TUZ GÖLÜ : SALT LAKE : TURKEY
Lake Tuz is the second largest lake in Turkey and one of the largest hypersaline lakes in the world. It is located in the Central Anatolia Region, 93 miles (150 km) SSE of Ankara.
The lake, occupying a tectonic depression in the central plateau of Turkey, is fed by two major streams, groundwater, and surface water, but has no outlet.
Arable fields surround the lake, which has an average depth below 0.5 m and a 33% salinity during most of the year. During the dry summer months, a 30 cm thick salt layer forms and 300,000 tons is mined to produce 70% of the salt consumed in Turkey.
Lake Tuz was declared a Special Environmental Protected Area (SEPA) by UNESCO, including all of the lake surface and surrounding waterbeds and some of the important neighboring steppe areas. The surface of the edges of the lake looks like an empty planet in which many visitors can perceive some oasis on the horizon.
The lake provides life to the largest flamingo colony in the Middle East and North Africa combined. Born grey, a flamingo’s pink coloration is the eventual result of its diet of fish and other organisms that feed on plankton and red algae present in the lake.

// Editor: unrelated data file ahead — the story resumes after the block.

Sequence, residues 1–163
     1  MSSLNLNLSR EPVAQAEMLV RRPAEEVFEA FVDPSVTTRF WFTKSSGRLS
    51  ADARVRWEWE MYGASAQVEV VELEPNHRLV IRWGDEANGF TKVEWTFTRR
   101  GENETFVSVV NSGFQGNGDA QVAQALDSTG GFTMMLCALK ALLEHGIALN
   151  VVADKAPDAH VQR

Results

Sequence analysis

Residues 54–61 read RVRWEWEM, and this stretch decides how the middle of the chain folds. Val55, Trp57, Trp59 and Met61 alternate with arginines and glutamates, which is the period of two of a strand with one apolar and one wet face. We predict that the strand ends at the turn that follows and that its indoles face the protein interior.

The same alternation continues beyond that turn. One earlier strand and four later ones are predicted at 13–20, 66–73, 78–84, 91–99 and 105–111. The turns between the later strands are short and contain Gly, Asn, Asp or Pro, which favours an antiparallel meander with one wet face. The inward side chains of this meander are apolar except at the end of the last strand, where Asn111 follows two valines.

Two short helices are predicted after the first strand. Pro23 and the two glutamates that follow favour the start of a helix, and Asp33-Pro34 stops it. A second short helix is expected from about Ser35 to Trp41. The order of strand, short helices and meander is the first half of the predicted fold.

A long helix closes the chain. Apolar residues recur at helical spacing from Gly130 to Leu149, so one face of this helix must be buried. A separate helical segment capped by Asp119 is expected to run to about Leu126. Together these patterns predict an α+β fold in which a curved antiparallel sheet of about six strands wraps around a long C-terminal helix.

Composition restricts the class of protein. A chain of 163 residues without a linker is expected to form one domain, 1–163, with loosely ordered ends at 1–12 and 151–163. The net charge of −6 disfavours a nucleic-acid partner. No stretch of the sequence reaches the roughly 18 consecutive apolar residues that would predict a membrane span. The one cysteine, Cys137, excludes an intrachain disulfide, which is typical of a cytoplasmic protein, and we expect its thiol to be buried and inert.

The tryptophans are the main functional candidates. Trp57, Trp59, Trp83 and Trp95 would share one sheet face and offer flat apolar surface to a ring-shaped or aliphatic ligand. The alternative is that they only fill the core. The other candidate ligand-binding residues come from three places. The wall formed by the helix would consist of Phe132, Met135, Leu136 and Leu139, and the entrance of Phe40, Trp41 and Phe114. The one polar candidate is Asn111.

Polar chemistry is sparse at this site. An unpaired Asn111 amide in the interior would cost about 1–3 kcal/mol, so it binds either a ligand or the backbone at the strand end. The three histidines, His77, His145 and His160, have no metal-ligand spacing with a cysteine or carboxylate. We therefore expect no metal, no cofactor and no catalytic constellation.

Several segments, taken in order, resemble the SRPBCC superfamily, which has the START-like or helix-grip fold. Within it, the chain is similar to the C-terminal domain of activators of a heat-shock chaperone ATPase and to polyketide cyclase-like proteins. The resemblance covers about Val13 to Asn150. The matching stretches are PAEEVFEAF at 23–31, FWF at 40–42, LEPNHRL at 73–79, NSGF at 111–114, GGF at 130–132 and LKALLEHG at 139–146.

The main Turkish breeding colony of greater flamingo (Phoenicopterus roseus) is present on a group of islands in the southern part of the lake. Greater white-fronted goose (Anser albifrons) is the second largest breeder here. Lesser kestrel (Falco naumanni) is a common breeder in surrounding villages.
The inset photograph was taken using an 800mm lens from the International Space Station by either* NASA Astronaut Timothy "TJ" Creamer or Tracy Caldwell Dyson. (*Being the only two NASA astronauts during Expedition 23 when the photograph was taken.)